The unexpected record-holders of our investigation turned out to be two organizations, working from the same address in the city of Mykolayiv in the Lviv region – a local centre of the All-Ukrainian Prosvita Society and NGO Teatr Khlib.
These two are among the five organizations which received the highest number of permits via the Shliakh system. About 200 men managed to run away, thanks to these two organizations only.
The letters to the Lviv RMA on behalf of the Mykolayiv centre of Prosvita were written by the head of this organization, a 34-year-old Nataliia Mukha, who also runs the Mykolayiv folk theatre, called Khlib. And the letters from NGO Teatr Khlib were written by its director, a 22-year-old Roman Zbudovskyi, a member of Khlib theatre, as the inquiries of NGL.media helped determine.
Both Nataliia Mukha, and Roman Zbudovskyi ignored the calls and letters in the messengers in which we asked them to comment the figures revealed by NGL.media.
We realize that some runaways could escape of their own volition without informing the heads of these organizations. Yet their keen intention to avoid giving any explanations invites the assumption that these directors have something to hide.
The list of organizations, from which the highest numbers of men left Ukraine, turned out to contain many names, already known to us. In particular, these are the Commission on Combating the Corruption in the city of Sambir and the “Vidrodzhennia nashoi Ukrainy”. According to our calculations, more than 100 men from these organizations left the country and did not come back.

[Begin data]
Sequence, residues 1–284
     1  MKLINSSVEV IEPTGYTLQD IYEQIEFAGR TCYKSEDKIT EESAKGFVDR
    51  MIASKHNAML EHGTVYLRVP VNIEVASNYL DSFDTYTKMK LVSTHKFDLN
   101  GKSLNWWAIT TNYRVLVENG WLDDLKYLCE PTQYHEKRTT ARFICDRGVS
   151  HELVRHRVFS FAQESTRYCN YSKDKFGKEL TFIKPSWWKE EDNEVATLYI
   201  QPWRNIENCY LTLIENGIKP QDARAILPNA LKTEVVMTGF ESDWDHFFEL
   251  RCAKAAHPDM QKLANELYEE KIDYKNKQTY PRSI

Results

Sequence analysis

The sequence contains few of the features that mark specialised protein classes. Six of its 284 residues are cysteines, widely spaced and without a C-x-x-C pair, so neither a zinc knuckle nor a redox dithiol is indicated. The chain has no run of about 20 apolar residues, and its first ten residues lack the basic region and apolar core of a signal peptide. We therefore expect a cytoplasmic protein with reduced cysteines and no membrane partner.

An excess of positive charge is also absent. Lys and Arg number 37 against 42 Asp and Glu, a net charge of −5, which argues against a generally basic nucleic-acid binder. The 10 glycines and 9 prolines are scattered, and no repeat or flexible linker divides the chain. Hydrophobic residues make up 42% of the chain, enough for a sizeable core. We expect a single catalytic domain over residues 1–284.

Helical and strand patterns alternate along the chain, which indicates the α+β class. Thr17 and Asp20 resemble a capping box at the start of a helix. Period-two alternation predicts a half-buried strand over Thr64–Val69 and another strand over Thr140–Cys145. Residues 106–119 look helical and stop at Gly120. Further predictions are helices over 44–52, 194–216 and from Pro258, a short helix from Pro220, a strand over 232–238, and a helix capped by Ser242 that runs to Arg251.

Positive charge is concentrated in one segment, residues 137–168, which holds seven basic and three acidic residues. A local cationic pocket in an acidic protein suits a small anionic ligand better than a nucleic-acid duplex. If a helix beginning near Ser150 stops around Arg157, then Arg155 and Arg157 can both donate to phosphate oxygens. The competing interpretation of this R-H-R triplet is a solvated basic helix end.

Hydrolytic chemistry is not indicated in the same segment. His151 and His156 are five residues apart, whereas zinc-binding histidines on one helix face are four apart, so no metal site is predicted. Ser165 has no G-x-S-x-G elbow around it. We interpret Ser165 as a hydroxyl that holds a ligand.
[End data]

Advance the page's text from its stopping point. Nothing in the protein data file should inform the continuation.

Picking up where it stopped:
Previously, Mykola Starodub, the head of the Commission on Combating the Corruption in the city of Sambir, told that he “was asked to put his stamp, so he did because he thought that humanitarian aid had to be brought in”. And Anatoliy Donets, the director of the “Vidrodzhennia nashoi Ukrainy”, allowed for his organization to be used in exchange for him to be taken abroad.
After NGL.media published its article, “The False Way”, the activity of both organizations became the subject of the study in a criminal investigation, but we don’t know at which stage it currently is. At present, the court is considering the indictments following the investigation regarding three people: Liubomyr Protsiuk and Mykhailo Vasylyk, as well as Andriy Shpak, who is accused not only of illegal transfer of people abroad but also of violating art. 358 CC (forgery). Due to Shpak’s mobilization, recently his case has been isolated separately, and the court proceeding was suspended, which means that his case will not be heard until he has been discharged.
During the new investigation, we found another organization that might be involved in this story. As per the information from the Lviv RMA, the telephone number of Anatoliy Donets was stated on the applications, submitted by one “Blahodiinyi Fond Stepana Bandery”, via which about 40 men left and never came back. Yet he claims that it is the first time he has heard about this organization and that he has never sent any applications on its behalf. Previously Ihor Fesan, the head of the “Blahodiinyi Fond Stepana Bandery”, claimed that he had not sent any applications to the Lviv RMA either, and now he refuses to communicate.